• Take time to reflect. There's always something you can learn from any kind of relationship, so take a step back and think about what you would do differently. This isn't about pointing fingers but is instead about personal growth, Alderson says.
  • Allow yourself to heal in your own way and timeline. Just like with any other loss, it's important to give yourself time to grieve. This doesn't mean you should wallow in your sorrows or completely shut yourself off from the world, but allow yourself to feel the pain and heartache that comes with a breakup, Alderson says.
  • Pursue your passions. Spend time doing things you love to channel your attention toward activities that are positive and productive. It's also a good time to explore self-care, Cargill notes. Try meditation, using affirmations, taking time to process the end of the friendship, tapping your support system, or even seeking therapy, she says.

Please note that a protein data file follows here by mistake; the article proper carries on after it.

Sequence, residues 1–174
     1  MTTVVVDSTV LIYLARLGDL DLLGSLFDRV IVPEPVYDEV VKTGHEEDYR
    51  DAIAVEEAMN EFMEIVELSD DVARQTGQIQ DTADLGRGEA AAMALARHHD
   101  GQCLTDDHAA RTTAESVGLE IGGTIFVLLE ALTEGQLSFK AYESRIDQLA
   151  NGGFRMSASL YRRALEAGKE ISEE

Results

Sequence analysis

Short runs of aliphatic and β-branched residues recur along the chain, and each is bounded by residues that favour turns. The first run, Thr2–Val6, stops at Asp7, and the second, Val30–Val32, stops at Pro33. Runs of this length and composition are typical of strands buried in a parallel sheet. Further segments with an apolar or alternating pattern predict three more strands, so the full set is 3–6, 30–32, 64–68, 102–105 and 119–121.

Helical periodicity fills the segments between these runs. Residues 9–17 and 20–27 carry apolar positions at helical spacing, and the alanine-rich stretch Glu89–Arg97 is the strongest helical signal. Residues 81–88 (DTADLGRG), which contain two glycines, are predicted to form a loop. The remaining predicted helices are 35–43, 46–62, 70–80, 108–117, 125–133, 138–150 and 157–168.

• Don't ask "what if." You might find yourself spending a significant amount of time thinking about what went wrong and how you could've done things differently, but no good can come from obsessing over what could have been. "If you find yourself constantly asking 'what if,' try to reframe your thoughts and focus on what you are currently grateful for in life, as well as the exciting opportunities that lie ahead," Alderson suggests.
  • Be clear about your boundaries. It's important to set clear boundaries post-breakup, which could include anything from not speaking for a few months to unfollowing each other on social media, Alderson says. If possible, you and your ex-friend can mutually agree on boundaries; if not, you can still set and enforce your own.
  • Let go of guilt. It's common to feel like a friendship failing is a personal failure, but it's not. "Some friendships last a lifetime, while others come and go, and people and circumstances change, so it's not a reflection of your worth as an individual, it's simply life," Alderson says.